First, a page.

Thursday, April 25, 2013

The Mother as Many?

**This is from guest blogger Eric B.**

In all honesty, much of this paper confuses me. Perhaps it is the sometimes slim difference between what we intend to do and what we foresee happening after certain actions (Direct vs. Oblique). Perhaps it is the simple volume of hypothetical situations that Foot presents in this paper. Most of all, I feel that the main issue is that the conclusion regarding abortion seems unresolved. To be specific, I am focusing on the third case provided by Foot, in which an abortion can be performed that would kill the fetus and save the mother, or the mother could be let to die, while the fetus is safely delivered.

Foot uses positive and negative actions to help us determine the moral obligations we have to certain situations. A positive duty is one in which we provide aid to another individual, whereas a negative duty is one in which we agree to avoid injuring them. The abortion of a baby is akin to providing aid to the mother while violating our duty not to injure the baby. It seems, that the violation of the negative duty outweighs the positive duty, namely the benefit gained by providing aid to the mother. Therefore it would follow that aborting the baby is the wrong action to take. This situation becomes even clearer if we treat change the situation to one in which a toddler may result in the death of the mother. In this case we would surely agree that it would be wrong to kill the already born child to aid the mother.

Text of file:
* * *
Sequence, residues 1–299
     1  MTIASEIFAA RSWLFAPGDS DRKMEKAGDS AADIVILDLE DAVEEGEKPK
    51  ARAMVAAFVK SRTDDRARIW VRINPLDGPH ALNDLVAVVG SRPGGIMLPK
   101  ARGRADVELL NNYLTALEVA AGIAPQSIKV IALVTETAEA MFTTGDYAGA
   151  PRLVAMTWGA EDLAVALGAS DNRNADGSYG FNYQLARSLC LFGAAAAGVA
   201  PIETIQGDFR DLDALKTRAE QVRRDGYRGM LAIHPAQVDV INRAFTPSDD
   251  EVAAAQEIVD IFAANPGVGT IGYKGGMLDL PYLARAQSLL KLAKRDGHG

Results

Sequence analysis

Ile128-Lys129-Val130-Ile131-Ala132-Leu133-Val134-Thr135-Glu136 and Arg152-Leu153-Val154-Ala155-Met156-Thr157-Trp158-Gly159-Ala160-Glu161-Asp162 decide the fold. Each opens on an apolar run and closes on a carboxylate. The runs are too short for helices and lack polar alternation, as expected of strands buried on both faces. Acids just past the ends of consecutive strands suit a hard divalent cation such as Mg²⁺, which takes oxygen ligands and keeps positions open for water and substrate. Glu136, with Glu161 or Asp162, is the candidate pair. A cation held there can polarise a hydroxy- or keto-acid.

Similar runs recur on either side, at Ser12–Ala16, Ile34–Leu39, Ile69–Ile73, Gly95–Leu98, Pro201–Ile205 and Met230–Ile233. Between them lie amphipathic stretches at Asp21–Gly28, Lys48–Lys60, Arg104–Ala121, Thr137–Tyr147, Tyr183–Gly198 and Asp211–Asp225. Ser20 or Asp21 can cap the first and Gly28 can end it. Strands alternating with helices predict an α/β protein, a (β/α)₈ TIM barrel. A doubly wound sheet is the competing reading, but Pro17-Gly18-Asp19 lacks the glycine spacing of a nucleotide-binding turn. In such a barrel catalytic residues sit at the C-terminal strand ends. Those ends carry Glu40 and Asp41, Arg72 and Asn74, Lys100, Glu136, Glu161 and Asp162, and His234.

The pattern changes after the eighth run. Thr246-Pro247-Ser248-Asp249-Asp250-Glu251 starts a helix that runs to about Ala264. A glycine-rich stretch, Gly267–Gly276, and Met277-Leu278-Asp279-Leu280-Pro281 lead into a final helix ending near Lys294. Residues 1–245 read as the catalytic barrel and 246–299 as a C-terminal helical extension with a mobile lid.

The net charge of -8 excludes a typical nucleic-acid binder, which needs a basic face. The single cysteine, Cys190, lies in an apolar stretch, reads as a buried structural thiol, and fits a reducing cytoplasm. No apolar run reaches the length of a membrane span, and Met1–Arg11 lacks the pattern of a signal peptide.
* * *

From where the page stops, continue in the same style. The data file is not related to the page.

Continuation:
What Foot then proposes is quite strange and rather unintuitive. She suggests that people have a different conception of the scenario if we suggest that a group of individuals is harmed (P.588). In this, she submits that we treat the mother as if she was a group of people and the fetus as only a single person. It follows that we must protect the group by willingly sacrificing the single individual, no matter how difficult this may be. I find this conclusion rather bizarre, in that we must treat a single woman as a group, when in fact we know that she is a single person (and presumably has the same rights as the child). Here I would like to involve you, the reader, to help me understand exactly what is meant by this “mother-as-a-group” analogy that Foot uses. I look forward to hearing the varied responses that you all can provide.

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